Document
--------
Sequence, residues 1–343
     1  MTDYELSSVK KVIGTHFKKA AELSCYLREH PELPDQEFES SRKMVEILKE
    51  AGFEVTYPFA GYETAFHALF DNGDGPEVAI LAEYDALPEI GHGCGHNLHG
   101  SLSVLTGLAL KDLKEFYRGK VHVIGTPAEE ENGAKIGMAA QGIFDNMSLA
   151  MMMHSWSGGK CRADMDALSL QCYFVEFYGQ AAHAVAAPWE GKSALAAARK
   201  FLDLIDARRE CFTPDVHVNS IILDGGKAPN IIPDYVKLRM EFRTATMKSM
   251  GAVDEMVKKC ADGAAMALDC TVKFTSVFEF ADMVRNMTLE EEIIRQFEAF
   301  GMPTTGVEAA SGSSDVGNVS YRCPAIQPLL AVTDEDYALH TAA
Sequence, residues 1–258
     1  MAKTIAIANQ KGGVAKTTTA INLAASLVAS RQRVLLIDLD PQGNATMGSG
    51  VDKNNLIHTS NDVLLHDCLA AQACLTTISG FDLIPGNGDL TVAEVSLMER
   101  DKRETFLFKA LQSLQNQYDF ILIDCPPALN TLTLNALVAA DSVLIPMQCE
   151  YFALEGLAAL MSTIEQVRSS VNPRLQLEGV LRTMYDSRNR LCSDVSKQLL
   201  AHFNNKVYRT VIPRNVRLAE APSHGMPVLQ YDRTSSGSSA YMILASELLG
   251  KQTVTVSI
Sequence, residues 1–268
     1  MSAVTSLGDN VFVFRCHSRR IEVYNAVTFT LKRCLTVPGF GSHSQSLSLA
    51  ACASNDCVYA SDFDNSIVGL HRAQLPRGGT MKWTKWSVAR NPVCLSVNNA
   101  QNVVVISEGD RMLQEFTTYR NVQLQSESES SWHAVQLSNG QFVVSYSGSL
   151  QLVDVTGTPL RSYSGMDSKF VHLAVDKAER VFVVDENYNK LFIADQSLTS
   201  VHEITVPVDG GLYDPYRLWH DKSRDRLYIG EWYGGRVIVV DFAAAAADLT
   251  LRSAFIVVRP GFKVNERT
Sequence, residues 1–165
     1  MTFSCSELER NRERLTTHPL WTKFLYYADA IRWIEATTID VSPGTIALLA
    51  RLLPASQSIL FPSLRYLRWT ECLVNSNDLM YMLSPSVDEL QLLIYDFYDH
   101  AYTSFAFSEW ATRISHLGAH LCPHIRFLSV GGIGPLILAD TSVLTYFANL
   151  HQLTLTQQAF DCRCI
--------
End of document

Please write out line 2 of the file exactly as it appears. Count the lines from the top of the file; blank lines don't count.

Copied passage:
     1  MTDYELSSVK KVIGTHFKKA AELSCYLREH PELPDQEFES SRKMVEILKE